How the oil price capitulation will hit Nigeria, Saudi Arabia and other major exporters

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The Egina floating production storage and offloading vessel, the largest of its kind in Nigeria, is berthed in Lagos harbor on February 23, 2017.

Stefan Heunis | AFP | Getty Images

The historic plunge in oil prices earlier this week has left some major exporters of the commodity scrambling to shore up their economies.

The U.S. West Texas Intermediate (WTI) crude contract for May delivery fell by more than 100% to settle at negative $37.63 per barrel on Monday and expired on Tuesday at $10.01 a barrel. Futures contracts trade by the month.

It comes at a time when the coronavirus crisis continues to ravage global demand, the world is awash with oil and traders are quickly running out of places to put it. Remarkably, this led to a situation where producers were effectively having to pay to get oil taken off their hands.

As of Thursday, WTI contracts for June were hovering above $15 per barrel and international benchmark Brent crude was trading above $21.50 per barrel.

Monday’s collapse came as the coronavirus pandemic obliterates global demand, furthering a price shock seen in March as OPEC and its allies, chiefly Russia, engaged in drawn out negotiations over production cuts.

An agreement by OPEC and its allies — known as OPEC+ — to reduce output by 9.7 million barrels a day from May 1 eventually put an end to a price war between Russia and OPEC kingpin Saudi Arabia. However, the absent demand arising from the pandemic has meant the deal has failed to stabilize oil prices.

The latest capitulation compounds the problems facing the countries that are most dependent on oil exports for export revenues and government income.


Nigeria, Africa’s largest economy, had applied for more than $7 billion in emergency funds as of Tuesday from international lenders including the IMF, World Bank, the African Development Bank, and the Islamic Development Bank.

The country depends on oil sales for around 60% of its revenue and 90% of its foreign exchange earnings, though it only accounts for 9% of GDP (gross domestic product), according to the IMF.

IMF Managing Director Kristalina Georgieva acknowledged in a recent statement that Nigeria faces “twin shocks” from the pandemic and associated oil price plunge. Meanwhile, ratings agencies Fitch and S&P have downgraded Nigeria’s credit rating in recent weeks on the back of the oil slump.

“The countries on the West Coast (of Africa) the most dependent on oil exports for export revenues and government income – Nigeria, Angola, Gabon, Congo Republic – will be scrambling to borrow from lenders who will have serious doubts about their ability to repay, and who will be tough negotiators when it comes to determining the value of the mineral assets these governments will try suggesting as collateral,” according to a research note from NKC African Economics on Tuesday.

The IMF announced on Monday that it was extending $147 million in limited conditionality financing to Gabon.

As part of the OPEC+ agreement on production cuts, Nigeria agreed to reduce its output from around 1.8 million barrels a day to 1.4 million, Oil Minister Timipre Sylva told Nigeria’s Punch newspaper on April 10, following the landmark OPEC deal.

“We currently do not expect Nigeria to reduce production by nearly that much, as the country has reflected very poor compliance with OPEC agreements in the past,” NKC Analyst Cobus de Hart said in Tuesday’s note.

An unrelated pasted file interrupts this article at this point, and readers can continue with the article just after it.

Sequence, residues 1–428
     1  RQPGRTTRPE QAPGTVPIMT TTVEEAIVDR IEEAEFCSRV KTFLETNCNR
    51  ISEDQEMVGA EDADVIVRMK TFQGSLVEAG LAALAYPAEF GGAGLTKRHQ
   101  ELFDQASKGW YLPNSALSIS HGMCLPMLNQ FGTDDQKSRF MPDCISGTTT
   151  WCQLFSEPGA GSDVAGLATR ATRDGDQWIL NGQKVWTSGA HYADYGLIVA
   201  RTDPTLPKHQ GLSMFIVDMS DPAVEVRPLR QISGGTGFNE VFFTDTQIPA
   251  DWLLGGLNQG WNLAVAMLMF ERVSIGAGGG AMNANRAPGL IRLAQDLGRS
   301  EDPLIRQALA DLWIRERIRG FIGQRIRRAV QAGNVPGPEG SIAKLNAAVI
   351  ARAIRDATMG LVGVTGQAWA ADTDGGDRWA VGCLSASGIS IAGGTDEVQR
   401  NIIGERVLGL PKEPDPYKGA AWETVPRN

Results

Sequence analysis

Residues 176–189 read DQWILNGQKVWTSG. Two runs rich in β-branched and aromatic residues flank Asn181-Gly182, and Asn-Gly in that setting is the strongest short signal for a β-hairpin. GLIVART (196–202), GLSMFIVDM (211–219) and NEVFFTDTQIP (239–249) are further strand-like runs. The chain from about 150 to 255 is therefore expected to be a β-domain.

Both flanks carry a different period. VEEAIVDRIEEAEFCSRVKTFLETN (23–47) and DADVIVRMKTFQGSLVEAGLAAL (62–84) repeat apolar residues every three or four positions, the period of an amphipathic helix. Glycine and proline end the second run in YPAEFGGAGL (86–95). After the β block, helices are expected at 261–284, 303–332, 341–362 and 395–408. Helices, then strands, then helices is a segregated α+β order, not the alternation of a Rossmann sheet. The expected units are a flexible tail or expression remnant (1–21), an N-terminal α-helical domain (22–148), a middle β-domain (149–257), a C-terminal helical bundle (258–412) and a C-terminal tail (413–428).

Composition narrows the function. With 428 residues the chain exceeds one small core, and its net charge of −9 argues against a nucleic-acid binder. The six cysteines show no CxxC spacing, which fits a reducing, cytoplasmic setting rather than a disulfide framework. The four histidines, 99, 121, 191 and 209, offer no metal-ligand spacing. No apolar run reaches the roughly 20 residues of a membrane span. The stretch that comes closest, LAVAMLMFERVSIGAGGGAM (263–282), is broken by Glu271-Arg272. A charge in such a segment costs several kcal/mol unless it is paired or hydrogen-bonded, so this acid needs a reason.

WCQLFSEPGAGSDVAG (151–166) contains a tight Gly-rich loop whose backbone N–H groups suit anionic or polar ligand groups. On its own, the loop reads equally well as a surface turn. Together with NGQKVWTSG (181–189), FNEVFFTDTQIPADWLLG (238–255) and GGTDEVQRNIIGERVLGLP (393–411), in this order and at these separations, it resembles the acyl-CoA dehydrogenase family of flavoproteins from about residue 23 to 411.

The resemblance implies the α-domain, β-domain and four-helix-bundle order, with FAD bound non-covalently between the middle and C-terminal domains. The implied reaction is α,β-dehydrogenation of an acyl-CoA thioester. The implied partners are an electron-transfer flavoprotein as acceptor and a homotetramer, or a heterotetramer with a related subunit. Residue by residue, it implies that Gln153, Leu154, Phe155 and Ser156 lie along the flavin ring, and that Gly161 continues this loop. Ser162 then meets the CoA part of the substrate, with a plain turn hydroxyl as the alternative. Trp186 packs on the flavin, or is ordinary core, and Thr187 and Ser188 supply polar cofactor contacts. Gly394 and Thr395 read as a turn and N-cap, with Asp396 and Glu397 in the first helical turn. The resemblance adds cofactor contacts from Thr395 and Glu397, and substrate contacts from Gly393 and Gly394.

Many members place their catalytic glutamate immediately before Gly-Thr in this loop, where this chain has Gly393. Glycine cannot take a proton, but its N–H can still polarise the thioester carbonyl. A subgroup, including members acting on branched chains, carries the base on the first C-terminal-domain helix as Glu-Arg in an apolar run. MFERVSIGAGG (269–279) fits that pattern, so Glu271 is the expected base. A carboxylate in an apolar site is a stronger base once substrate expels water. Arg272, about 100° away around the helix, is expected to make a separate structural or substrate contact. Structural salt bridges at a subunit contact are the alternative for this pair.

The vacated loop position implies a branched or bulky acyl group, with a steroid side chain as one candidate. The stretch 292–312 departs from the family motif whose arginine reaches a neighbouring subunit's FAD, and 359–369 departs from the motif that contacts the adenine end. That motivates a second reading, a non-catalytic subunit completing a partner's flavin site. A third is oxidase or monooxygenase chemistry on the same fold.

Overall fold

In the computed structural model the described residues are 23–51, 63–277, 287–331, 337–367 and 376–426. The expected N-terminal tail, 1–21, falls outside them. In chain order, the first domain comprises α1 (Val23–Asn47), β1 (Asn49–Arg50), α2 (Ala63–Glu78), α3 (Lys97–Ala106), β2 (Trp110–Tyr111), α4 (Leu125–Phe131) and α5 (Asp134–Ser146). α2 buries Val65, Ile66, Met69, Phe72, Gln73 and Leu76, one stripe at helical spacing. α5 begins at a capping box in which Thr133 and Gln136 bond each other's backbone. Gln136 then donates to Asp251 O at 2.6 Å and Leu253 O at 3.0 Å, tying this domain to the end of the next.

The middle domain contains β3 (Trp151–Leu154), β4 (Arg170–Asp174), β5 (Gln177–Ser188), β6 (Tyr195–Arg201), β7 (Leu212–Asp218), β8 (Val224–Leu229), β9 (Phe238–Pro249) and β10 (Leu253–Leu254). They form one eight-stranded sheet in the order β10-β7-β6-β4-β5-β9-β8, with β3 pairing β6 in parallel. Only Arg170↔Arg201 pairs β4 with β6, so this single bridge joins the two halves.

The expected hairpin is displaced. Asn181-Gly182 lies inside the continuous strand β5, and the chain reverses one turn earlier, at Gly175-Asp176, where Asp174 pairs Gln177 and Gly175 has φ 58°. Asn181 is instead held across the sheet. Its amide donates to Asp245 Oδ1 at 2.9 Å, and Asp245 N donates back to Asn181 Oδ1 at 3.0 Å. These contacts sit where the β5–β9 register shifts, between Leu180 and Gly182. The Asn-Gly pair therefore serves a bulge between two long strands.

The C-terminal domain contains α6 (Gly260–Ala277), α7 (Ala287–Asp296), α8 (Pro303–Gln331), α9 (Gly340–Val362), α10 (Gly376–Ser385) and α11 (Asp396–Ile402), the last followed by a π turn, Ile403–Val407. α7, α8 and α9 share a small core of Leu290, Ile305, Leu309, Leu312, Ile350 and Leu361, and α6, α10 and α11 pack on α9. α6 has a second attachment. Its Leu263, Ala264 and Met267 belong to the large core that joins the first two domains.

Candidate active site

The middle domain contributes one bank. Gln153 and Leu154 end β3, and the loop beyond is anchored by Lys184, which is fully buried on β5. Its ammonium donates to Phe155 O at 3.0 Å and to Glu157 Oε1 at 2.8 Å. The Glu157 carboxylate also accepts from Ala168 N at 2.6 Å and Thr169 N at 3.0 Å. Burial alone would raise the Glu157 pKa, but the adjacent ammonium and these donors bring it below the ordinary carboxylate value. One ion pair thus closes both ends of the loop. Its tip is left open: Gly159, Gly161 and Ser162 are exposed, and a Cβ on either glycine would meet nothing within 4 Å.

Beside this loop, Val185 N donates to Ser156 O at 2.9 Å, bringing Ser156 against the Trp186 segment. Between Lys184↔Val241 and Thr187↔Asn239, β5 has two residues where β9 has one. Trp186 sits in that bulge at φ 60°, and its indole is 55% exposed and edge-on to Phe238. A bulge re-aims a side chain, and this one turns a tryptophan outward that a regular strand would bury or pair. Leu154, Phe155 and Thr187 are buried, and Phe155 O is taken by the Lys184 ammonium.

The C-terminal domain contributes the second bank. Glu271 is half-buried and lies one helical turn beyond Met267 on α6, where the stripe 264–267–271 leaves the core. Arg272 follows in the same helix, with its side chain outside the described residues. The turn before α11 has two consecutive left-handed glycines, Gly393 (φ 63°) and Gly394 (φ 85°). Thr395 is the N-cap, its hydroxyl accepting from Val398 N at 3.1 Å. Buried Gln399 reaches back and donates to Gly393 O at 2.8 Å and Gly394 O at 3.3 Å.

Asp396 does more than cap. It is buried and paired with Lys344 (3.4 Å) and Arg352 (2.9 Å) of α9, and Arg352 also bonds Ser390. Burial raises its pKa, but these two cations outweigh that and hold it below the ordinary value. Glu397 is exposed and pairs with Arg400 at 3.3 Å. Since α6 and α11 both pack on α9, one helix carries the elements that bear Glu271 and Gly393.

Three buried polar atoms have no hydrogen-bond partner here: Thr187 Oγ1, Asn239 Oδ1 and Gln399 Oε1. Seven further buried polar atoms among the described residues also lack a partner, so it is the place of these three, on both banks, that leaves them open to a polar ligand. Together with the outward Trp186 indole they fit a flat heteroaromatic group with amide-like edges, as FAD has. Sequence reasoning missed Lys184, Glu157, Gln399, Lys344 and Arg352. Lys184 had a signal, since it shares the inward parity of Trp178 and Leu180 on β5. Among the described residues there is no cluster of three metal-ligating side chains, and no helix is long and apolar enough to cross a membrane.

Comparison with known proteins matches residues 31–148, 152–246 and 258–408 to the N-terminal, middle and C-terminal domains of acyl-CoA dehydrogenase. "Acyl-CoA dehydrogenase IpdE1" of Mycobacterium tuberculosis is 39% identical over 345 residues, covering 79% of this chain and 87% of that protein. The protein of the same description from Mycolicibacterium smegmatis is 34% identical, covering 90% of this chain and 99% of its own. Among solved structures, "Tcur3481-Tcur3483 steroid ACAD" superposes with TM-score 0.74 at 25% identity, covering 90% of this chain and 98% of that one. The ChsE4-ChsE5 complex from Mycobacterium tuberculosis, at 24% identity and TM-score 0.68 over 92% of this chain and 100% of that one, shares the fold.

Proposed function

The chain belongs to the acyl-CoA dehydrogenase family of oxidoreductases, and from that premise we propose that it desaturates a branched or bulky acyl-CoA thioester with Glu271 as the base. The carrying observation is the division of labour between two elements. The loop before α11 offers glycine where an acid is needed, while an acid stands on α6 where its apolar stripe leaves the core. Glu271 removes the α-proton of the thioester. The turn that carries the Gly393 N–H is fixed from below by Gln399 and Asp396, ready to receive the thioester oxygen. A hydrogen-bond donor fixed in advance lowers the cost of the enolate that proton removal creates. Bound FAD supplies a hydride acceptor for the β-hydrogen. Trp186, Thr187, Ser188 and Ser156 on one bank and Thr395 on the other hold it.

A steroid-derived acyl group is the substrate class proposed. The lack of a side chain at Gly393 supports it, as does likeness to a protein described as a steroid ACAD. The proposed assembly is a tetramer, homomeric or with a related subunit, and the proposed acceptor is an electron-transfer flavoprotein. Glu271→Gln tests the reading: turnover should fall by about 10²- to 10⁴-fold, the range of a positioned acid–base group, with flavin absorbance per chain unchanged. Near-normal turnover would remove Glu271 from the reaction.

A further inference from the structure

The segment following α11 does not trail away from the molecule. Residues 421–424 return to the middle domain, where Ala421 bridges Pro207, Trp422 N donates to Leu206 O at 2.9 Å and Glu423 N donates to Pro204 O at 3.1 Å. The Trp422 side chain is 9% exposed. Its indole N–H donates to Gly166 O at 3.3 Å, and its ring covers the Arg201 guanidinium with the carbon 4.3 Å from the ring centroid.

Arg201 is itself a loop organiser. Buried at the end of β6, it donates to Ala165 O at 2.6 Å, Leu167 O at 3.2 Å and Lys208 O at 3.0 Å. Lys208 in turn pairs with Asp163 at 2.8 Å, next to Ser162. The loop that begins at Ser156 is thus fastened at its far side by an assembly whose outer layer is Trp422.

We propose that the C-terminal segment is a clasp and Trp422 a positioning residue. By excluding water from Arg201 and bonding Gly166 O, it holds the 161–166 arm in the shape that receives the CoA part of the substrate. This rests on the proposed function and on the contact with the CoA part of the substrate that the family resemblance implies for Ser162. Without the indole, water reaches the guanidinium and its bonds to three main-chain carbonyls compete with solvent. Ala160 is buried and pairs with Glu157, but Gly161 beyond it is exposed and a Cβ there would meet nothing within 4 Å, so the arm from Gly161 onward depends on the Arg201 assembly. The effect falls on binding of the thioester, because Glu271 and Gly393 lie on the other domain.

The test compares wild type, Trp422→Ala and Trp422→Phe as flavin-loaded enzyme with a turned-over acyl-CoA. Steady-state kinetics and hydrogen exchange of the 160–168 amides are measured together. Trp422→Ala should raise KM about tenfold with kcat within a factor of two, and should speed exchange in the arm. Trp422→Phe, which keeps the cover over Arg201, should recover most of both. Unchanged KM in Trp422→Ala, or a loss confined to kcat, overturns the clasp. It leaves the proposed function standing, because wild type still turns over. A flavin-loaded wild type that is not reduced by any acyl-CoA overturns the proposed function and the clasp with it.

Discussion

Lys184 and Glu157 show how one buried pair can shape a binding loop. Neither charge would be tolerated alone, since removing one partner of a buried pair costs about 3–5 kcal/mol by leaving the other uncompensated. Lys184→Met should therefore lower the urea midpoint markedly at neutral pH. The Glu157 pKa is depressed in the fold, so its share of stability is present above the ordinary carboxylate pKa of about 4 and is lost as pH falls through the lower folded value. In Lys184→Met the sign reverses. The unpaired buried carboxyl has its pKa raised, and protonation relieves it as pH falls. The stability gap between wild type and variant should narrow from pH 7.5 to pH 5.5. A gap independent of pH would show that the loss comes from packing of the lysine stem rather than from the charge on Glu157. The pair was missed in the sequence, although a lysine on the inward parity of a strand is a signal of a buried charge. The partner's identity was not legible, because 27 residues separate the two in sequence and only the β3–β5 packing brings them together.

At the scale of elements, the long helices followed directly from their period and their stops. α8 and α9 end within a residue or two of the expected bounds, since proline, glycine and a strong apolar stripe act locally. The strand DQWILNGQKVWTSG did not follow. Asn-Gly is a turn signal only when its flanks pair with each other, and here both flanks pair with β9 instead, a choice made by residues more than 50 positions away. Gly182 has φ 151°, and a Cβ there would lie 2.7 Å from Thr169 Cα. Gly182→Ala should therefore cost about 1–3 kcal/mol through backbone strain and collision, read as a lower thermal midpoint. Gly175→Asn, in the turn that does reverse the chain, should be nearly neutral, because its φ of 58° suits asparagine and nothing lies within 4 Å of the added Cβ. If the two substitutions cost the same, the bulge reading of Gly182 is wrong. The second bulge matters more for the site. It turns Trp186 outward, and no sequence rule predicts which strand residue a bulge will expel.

“Nonetheless, pressure to reduce output has increased, and markedly lower prices could squeeze less-profitable producers.”

Russia, Saudi Arabia and the Middle East

Russia, the leader of the non-OPEC allies, relies on oil sales for around two-thirds of its export earnings and 40% of its revenue.

While the price of Russian Urals — the country’s main oil brand — did not fall below zero earlier this week, it was trading at its lowest point since 1998 at around $8 per barrel on Tuesday, according to Russian newspaper Vedomosti.

“This is not an encouraging sign for Russian economic policymakers who predicted oil prices would recover to $30-40/barrel after the OPEC+ deal comes into effect on May 1,” analysts at BMB Russia said in a note Wednesday.

While several OPEC+ members reportedly met on Tuesday to discuss bringing the implementation date forward, powerhouses Saudi Arabia, Russia, Kuwait and the UAE were not present, according to Vedomosti.

In terms of the overall economic picture for major producers, Iran is the most dependent on oil, which accounts for 65% of its GDP, followed by Kuwait (60%) and Saudi Arabia (50%).

Saudi Arabia plans to draw down 120 billion riyals ($32 billion) from its cash reserves to cushion the economic blow from tumbling oil prices and the broader impact of the pandemic, finance minister Mohammed Al-Jadaan said Wednesday. In its 2020 budget, the Kingdom assumed an oil price of $60 per barrel.

Also central to assessing the respective economic impacts is the fiscal breakeven — the price oil needs to be at across the course of a year for an individual country to balance its books.

The IMF’s projected fiscal breakeven for Saudi Arabia in 2020 sits at $76.1 per barrel. The UAE requires $69.1, Kuwait $61.1, Iraq $60.4, and Iran needs a massive $389 a barrel, according to IMF data.

In Africa, Nigeria needs $144 per barrel, Algeria needs $109 per barrel, Libya requires $100 per barrel, and Angola requires $55 per barrel, according to IMF data.

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